Distributed lethality depends on being hard to find and securing the element of surprise enabled by superior situational awareness. With the adoption of the distributed lethality concept, it is essential that the concept and doctrine for establishing and maintaining the CTP be reviewed and optimized to assure warfare commanders enjoy the tactical advantage of decision superiority over an adversary. The clear assignment to the shore intelligence structure of responsibility for the accuracy, completeness, and timeliness of tactical intelligence support to the SAG would result in renewed focus on tactical requirements and renewed appreciation of the critical importance of the clock at the tactical level. Moreover, it would drive a new hard- edged fleet focus on the ability of shore-based tactical intelligence support elements to provide this mission-essential support. The clarification of responsibilities onboard ship for maintaining the CTP would serve to focus attention on the ability of those responsible to maintain situation awareness that comports with the realities of the operating environment. As shortfalls and opportunities are identified, the fleet would refine its requirements for the manning, training, and equipping of surface combatants to achieve the information superiority that is the key to mission success.
As stated by VADM Rowden in the January 2017 Proceedings: “The force we send forward to control the seas must be powerful, hard to find, hard to kill, and lethal. These are the bedrock tenets of distributed lethality…” The concept has gained wide support in the surface navy and is being adopted as a broader Navy operating concept. Rapid progress is being made by the surface navy under the leadership of the surface warfare Type Commands and OPNAV N96. Changes to doctrine to accommodate command control of operations on mission orders are being investigated. Surface forces are being up-gunned to be more lethal. Surface Warfare Officers are being trained and developed as warfare experts for air, surface, and ASW at the Naval Surface and Mine Warfighting Development Center. This beehive of activity is resulting in rapid progress in all warfare areas except for Information Operations.
Progress in this fourth foundational warfare area remains in limbo, owed in large measure to unaddressed OPNAV and Type Command organizational relationships and responsibilities for manning, training, readiness, equipping and modernization of the fleet for the planning and conduct of Information Operations. In the absence of progress in this warfare area the success of the distributed lethality is at risk against any near-peer nation with a sophisticated ISR capability.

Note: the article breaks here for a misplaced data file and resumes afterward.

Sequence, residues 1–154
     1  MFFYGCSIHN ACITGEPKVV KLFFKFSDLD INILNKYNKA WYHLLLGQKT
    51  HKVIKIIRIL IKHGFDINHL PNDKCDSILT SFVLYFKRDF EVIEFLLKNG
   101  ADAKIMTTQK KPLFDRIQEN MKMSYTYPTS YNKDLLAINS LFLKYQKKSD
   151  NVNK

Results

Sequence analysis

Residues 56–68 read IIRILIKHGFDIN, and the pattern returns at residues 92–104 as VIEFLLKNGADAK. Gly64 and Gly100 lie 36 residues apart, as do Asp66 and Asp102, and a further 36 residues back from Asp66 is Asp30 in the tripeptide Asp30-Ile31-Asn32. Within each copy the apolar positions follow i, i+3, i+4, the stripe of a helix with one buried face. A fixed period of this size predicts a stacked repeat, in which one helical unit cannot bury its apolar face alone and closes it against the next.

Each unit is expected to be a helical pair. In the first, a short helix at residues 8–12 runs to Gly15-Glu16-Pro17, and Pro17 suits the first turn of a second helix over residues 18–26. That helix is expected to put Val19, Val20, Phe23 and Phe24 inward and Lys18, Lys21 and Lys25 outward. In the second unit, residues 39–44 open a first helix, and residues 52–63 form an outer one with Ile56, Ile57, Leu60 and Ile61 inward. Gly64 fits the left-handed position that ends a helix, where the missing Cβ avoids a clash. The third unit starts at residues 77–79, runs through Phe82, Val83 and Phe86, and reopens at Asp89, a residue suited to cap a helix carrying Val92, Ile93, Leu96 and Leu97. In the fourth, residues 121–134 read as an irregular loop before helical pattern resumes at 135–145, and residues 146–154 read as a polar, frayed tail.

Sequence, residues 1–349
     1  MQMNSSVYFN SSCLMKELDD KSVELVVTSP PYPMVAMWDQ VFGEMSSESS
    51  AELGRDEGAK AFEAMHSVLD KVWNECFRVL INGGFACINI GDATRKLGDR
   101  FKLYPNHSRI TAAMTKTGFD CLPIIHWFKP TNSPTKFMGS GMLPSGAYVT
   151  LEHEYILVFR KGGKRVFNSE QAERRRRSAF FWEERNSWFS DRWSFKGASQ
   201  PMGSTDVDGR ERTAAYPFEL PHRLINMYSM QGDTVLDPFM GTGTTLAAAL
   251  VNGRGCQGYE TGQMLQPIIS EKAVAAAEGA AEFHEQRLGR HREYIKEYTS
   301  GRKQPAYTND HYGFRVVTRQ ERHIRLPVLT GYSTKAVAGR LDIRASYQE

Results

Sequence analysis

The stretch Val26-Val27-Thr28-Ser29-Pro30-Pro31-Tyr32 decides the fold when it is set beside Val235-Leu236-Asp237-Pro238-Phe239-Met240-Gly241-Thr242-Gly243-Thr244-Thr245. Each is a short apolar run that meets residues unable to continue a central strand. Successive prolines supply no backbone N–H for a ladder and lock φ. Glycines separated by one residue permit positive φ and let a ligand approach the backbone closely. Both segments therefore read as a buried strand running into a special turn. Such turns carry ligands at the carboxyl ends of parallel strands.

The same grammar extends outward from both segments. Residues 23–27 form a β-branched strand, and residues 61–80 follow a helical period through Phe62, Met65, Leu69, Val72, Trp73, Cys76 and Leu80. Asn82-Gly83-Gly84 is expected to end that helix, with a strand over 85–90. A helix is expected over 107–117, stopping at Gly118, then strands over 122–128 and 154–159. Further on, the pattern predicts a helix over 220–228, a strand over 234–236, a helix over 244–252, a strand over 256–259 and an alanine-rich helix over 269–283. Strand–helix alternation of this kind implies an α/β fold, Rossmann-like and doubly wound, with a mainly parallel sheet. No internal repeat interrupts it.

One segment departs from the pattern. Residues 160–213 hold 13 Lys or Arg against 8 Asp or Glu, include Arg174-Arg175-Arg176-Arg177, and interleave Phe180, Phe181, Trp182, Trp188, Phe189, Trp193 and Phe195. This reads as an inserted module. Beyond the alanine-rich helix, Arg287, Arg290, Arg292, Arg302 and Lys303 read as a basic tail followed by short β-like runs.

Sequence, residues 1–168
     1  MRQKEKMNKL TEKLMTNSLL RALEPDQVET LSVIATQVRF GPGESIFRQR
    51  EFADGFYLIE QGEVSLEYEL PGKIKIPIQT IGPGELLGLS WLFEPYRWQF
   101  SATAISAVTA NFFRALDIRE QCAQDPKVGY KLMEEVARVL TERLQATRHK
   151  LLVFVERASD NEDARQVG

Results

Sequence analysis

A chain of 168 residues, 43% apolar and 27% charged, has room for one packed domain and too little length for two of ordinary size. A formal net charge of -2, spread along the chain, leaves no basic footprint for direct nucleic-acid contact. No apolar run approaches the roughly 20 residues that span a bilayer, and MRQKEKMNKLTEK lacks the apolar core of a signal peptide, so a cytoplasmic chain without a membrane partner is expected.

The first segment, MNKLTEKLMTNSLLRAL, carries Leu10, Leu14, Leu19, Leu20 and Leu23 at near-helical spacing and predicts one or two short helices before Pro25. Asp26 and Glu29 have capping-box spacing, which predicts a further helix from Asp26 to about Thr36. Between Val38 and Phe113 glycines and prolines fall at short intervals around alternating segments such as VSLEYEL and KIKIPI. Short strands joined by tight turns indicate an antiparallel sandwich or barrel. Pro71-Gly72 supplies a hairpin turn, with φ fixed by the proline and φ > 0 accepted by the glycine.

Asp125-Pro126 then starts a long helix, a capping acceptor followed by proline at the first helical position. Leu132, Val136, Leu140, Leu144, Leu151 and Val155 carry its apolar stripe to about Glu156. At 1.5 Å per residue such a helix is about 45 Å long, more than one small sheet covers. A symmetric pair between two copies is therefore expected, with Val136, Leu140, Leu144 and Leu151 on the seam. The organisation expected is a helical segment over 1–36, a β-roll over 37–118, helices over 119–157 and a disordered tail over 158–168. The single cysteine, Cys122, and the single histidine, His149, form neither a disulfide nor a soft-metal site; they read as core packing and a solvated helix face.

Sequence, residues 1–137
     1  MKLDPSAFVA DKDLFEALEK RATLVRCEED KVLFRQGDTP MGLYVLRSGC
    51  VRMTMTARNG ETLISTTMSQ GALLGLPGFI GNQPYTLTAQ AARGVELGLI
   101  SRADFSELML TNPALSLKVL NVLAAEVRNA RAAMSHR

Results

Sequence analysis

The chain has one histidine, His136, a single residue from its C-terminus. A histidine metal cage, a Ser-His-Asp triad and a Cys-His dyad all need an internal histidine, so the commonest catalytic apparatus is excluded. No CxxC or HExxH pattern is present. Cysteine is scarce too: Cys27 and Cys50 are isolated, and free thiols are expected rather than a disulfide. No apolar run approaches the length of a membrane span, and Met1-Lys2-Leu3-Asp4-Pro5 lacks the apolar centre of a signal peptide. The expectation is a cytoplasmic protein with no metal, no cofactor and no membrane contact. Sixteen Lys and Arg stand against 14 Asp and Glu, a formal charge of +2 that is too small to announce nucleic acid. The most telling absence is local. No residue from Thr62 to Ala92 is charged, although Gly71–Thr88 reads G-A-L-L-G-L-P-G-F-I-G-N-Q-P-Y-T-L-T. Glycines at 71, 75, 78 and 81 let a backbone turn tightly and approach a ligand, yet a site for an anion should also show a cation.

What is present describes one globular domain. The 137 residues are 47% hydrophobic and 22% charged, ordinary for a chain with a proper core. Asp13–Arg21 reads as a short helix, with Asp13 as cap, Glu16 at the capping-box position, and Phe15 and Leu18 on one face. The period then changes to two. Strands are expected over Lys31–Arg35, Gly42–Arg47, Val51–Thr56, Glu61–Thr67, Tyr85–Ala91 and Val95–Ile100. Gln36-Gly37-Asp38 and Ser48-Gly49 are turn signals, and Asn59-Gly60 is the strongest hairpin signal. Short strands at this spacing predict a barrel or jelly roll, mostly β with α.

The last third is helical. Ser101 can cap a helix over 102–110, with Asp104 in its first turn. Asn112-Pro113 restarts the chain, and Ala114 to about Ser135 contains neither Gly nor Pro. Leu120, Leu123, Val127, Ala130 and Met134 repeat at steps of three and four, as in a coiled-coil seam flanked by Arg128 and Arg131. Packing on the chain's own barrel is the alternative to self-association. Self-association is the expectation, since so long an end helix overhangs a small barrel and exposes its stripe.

Richard Mosier is a former naval aviator, intelligence analyst at ONI, OSD/DIA SES 4, and systems engineer specializing in Information Warfare. The views express herein are solely those of the author.
1. Common Tactical Picture — An accurate and complete display of relevant tactical data that integrates tactical information from the multi-tactical data link network, ground network, intelligence network, and sensor networks. Also called CTP. (JP 3-01)
2. IWC in NWP 3-56, NWP 3-13, and as used in this article is the Navy’s abbreviation for Information Operations Warfare Commander. It shouldn’t be confused with the Navy’s use of the same abbreviation to denote the Navy’s Information Warfare Community.
3. Indications — In intelligence usage, information in various degrees of evaluation, all of which bear on the intention of a potential enemy to adopt or reject a course of action. (JP 1-02)
4. Warning intelligence — Those intelligence activities intended to detect and report time sensitive intelligence information on foreign developments that forewarn of hostile actions or intention against United States entities, partners, or interests (JP 1-02)
5. Combat Information — Unevaluated data, gathered by or provided directly to the tactical commander which, due to its highly perishable nature or the criticality of the situation, cannot be processed into tactical intelligence in time to satisfy the user’s tactical intelligence requirements. (JP 2-01)
Featured Image: ATLANTIC OCEAN (June 27, 2012) Air-Traffic Controller 2nd Class Karina Reid operates the SPN-43 air search radar system while standing approach control aboard the amphibious assault ship USS Wasp (LHD 1). (U.S. Navy photo by Mass Communication Specialist Petty Officer 2nd Class Gretchen M. Albrecht/Released)